A Drafting Table


#21

I started out using my parents old nitrocellulose T-Square and triangles when I was 11. I still used a T-Square for my summer at RISD, but once I started grad school, it was parallel rules from then on, except you needed the T-Square for constructing perspectives.

In the tribute page to a picnic shelter my dad did on NewHavenModern.org, I contributed a bunch of materials included pictures of both my parents at their drafting boards as well as a couple drawings. Having a tetrahedron for a roof, he was decidedly not drawing a square building in this case with that T-Square. I’ve contemplated making a model of it in SketchUp, but I don’t know when I’ll have the time to spare.


#22

@RTCool, That’s a beautiful tribute! Thanks for sharing.


#23

Well, not square in the shape sense but it is square in the linear sense. There are no curves, everything is straight. Easy enough to draw using a drawing board and an adjustable “square”.

It’s a fun structure but, being English myself, how is it English I wonder? I don’t see many buildings like that where I live!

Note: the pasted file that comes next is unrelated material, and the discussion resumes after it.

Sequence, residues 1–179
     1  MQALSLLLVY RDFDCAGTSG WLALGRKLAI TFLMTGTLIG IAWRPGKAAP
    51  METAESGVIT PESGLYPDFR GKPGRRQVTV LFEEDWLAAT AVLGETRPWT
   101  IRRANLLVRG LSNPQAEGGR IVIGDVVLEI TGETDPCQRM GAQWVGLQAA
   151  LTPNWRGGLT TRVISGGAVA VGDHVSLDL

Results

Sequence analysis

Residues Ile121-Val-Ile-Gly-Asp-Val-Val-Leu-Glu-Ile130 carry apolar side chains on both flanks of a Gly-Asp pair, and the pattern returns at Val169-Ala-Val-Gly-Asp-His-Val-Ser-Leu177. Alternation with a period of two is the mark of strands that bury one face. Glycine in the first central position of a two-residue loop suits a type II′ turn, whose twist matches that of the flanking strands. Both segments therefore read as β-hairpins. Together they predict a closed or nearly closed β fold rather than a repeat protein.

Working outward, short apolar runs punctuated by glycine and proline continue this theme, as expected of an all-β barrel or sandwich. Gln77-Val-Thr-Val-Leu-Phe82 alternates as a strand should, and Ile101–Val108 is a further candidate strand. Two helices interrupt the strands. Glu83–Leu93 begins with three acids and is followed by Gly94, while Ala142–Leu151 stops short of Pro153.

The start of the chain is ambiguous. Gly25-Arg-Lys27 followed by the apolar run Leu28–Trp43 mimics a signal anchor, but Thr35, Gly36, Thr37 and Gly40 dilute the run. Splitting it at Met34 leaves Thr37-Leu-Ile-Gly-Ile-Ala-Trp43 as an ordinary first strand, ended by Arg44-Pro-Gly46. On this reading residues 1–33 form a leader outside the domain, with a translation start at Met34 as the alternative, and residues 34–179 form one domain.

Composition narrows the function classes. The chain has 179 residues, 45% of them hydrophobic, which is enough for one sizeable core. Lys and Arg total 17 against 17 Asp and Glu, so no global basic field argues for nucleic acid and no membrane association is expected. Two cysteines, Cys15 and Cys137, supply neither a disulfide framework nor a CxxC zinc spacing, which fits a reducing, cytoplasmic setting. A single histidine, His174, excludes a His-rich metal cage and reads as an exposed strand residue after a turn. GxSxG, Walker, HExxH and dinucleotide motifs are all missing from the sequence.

BTW, for someone who works in design, you have a fantastic name!


#24

You might be looking for something like this: https://www.fontsquirrel.com/fonts/d-din
DIN 17 and DIN 1451 were the standards behind most of the lettering stencils


#25

Oh, hahaha, it’s a person’s name. The benefactor’s name was apparently Henry Fowler English judging by a drawing for the bronze plaque that was subsequently stolen last I knew.


#26

Classic SU image - timeless style. Executed to perfection, as usual.


#27

Inspiring work as always. It has inspired me to ask 2 how-to questions:

I assume you didn’t draw the “drawing” on the table. Is it an image of a drawing pasted in there?

How did you create the plastic edge on the t-square? Is it a texture?

Thanks for your thoughts and Happy Hollidys all!


#28

Thanks Glenn.

The drawing on the table is an image imported as an image. The plastic edges on the T-square are just painted with a transparent color.


#29

This is called “Hand Cad”, isn’t it ? :wink:


#30

No. It’s “Manually Aided Design and Drafting” (MAD)


#31

Before I used SketchUp I would carefully draw things on large 8x4 plywood boards at 1:1 scale. We jokingly called it “BAD”. Board Assisted Design.


#32

As always your work is amazing. I would however lose the t-square and install a parallel bar…I know there’s one in every crowd. :slight_smile: